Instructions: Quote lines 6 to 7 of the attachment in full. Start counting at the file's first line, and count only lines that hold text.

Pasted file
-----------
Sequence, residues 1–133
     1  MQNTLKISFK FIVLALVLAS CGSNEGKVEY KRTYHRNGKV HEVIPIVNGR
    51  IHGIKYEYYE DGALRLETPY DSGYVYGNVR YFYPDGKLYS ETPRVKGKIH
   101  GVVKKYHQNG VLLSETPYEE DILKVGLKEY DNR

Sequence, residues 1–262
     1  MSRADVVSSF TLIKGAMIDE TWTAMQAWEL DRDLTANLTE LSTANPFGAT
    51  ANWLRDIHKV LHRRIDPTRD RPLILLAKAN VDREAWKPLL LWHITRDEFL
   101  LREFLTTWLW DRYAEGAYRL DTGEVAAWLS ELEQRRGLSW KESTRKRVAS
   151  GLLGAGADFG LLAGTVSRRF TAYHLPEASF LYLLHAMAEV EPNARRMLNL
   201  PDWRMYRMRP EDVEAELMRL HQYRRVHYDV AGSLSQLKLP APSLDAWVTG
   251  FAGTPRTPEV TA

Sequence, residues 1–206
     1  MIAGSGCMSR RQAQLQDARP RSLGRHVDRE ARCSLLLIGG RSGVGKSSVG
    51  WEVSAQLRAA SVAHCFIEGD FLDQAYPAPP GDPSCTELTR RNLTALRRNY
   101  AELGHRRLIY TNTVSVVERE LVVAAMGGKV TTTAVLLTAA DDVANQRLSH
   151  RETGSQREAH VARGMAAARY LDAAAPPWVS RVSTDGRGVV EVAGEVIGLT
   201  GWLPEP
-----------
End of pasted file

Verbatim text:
     1  MSRADVVSSF TLIKGAMIDE TWTAMQAWEL DRDLTANLTE LSTANPFGAT
    51  ANWLRDIHKV LHRRIDPTRD RPLILLAKAN VDREAWKPLL LWHITRDEFL